It is important to note here that we cannot describe the behavior of Mrs. Ansari and her family as "typical Muslim" behavior. Muslims differ in their level of adherence to Islamic teachings, in their degree of acculturation to the societies in which they live, in their levels of education, and in myriad other ways that make the experience of each Muslim patient and his/her family unique and shaped by very particular life experiences.
A culturally astute clinician cannot be expected to know every detail about Muslim cultures, details that sometimes influence the way people behave to a greater extent than the religion of Islam itself. It is helpful then to equip oneself with some practical tools and attitudes that could be useful in navigating crucial issues with the Muslim patient-or any patient for that matter:
- The health-care team must show flexibility and exhibit willingness to learn and understand, in the best possible sense, the cultural and religious values that are shaping the patient's and his/her family's behavior.
- Health-care personnel must be keenly aware of their own cultural values in order to avoid imposing their own views of health and decision making on their patients. Dr. Fox's sincerely-intentioned effort gently but firmly to relay to Mrs. Ansari the grave news likely stems in part from his wish to be informed of his own medical condition should he ever find himself in a similar situation.
- The clinician needs to rely more frequently on the health care team personnel and mobilize resources that can be of great value specifically when dealing with critical issues like those in the Ansari case. A social worker might have been a very helpful resource here for navigating the dynamics of decision making within this family and for understanding the cultural values that are shaping family members' behavior. Interpreter services may not have had a Dari/Farsi speaking person but might have arranged a phone conversation or an interpreter specifically to come speak to Mrs. Ansari and her family. A chaplain might have been of assistance in explaining simple matters, such as the fact that the Islamic prayer takes only five minutes to perform, or that an Imam ought to be called since the family seems quite devout and might need religious guidance with such a crucial decision.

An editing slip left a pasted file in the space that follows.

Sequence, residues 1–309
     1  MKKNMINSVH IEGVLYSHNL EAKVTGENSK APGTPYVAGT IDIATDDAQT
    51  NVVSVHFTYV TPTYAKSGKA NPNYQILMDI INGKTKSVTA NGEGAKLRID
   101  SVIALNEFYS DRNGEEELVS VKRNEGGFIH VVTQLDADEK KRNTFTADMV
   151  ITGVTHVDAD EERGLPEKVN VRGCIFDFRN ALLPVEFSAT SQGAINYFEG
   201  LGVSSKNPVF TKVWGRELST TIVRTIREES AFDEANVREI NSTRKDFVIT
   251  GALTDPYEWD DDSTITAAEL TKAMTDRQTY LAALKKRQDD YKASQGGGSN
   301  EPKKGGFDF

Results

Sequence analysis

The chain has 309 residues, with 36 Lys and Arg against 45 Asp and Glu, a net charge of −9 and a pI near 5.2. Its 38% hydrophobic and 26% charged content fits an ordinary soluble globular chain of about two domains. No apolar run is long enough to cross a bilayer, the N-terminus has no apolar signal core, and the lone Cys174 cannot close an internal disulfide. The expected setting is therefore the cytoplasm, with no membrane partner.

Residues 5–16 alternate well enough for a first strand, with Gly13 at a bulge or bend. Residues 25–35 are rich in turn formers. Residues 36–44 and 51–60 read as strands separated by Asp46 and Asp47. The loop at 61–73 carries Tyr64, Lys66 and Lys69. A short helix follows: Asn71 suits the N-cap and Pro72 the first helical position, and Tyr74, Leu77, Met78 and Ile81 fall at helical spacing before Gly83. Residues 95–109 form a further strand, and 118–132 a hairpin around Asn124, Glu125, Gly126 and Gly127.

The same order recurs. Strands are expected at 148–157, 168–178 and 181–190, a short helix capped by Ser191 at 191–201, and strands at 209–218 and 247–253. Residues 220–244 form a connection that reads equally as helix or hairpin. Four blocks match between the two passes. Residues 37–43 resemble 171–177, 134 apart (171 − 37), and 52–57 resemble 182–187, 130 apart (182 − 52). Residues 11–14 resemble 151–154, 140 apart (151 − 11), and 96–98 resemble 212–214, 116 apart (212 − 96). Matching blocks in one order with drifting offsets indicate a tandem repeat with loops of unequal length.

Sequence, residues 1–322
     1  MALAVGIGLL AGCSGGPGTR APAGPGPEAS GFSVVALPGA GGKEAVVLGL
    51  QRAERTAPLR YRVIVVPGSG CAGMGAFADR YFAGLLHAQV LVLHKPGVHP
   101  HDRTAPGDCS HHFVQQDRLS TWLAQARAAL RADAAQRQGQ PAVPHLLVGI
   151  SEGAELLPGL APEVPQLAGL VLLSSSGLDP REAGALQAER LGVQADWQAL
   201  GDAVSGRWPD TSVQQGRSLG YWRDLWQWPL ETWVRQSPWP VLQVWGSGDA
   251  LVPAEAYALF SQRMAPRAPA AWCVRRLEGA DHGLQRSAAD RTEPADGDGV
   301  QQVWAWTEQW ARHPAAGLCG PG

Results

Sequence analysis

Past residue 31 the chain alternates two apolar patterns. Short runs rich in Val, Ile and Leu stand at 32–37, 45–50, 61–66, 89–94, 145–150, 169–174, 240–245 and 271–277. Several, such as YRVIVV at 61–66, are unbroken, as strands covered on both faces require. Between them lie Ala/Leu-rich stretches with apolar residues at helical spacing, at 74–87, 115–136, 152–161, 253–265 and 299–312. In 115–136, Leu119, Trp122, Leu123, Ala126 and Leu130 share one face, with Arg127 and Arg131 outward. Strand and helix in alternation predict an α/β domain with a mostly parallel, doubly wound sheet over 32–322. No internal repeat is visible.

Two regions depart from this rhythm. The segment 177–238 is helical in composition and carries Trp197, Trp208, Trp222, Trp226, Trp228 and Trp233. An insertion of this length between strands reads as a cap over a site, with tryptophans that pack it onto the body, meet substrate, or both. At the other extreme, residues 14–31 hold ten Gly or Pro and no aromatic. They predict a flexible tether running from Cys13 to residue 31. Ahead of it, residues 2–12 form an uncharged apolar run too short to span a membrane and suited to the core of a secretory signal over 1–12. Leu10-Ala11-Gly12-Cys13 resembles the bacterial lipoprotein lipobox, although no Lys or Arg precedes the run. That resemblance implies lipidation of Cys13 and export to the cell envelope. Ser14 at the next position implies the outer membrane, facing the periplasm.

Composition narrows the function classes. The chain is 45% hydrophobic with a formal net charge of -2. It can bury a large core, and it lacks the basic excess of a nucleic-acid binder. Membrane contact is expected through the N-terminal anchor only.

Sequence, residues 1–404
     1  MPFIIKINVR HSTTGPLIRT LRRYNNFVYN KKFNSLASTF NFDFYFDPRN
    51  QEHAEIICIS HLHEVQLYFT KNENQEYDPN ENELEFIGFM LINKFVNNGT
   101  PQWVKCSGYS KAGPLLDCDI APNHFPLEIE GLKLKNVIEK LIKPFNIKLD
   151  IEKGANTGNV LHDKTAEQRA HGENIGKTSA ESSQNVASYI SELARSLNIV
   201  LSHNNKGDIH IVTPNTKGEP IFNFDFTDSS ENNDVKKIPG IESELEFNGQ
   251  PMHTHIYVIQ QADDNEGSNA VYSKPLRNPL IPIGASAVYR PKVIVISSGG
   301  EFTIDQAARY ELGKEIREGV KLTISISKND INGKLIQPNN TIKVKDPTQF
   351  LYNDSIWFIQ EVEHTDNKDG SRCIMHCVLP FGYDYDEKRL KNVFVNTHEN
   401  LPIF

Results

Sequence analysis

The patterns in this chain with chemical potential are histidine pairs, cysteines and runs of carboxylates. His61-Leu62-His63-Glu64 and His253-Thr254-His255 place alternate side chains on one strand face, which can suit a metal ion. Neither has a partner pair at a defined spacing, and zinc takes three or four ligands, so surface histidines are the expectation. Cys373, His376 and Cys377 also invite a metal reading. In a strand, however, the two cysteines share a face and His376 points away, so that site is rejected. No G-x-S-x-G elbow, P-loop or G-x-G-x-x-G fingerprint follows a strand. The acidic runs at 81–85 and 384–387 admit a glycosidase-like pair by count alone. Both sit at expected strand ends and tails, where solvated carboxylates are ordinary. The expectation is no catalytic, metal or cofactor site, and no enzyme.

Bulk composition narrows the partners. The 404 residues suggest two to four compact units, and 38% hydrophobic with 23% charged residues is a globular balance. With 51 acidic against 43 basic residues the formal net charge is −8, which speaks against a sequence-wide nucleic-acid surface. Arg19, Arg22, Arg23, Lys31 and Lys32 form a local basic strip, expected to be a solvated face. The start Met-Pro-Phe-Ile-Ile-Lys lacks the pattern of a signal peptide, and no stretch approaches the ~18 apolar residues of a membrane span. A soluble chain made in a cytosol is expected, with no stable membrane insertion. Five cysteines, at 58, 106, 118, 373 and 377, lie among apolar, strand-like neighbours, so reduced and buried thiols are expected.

- Little actions can culminate in a mega impact. What experience teaches us is that an outcry like the one at the end of this case is rarely the product of a single event, but rather the natural result of many small actions that went wrong. It is this series of small actions that makes the reaction of some patients and/or their family members so powerful. First Dr. Fox relies heavily on the patient and her family for interpretation; then he refuses to wait until the husband does a five minute prayer; then he relays some very heavy news to the husband, interrupts the patient while she is praying and gives one final blow by insisting on flatly telling the patient all the details. He does this only to face a response from the patient and her family for which hospital security might be needed. Had the doctor shown more accommodation of the simple and reasonable requests from the patient and/or her family from the beginning, he might have received a more agreeable response. Minimally, he might have been able to discuss calmly what could be done, what would be in the patient's best interest, and which measures she could voluntarily agree to.
The case study again teaches us that cultural competency is not about remaining in one's own comfort zone and merely applying empty rules and regulations. Rather, it is about a creative interaction between human beings of differing experiences and backgrounds that could, if honestly sought and correctly harnessed, become an exhilarating learning experience for all involved.
Doha Raik Hamza served as the Muslim volunteer coordinator at the Spiritual Care Services at Stanford Hospital from 2003-2007.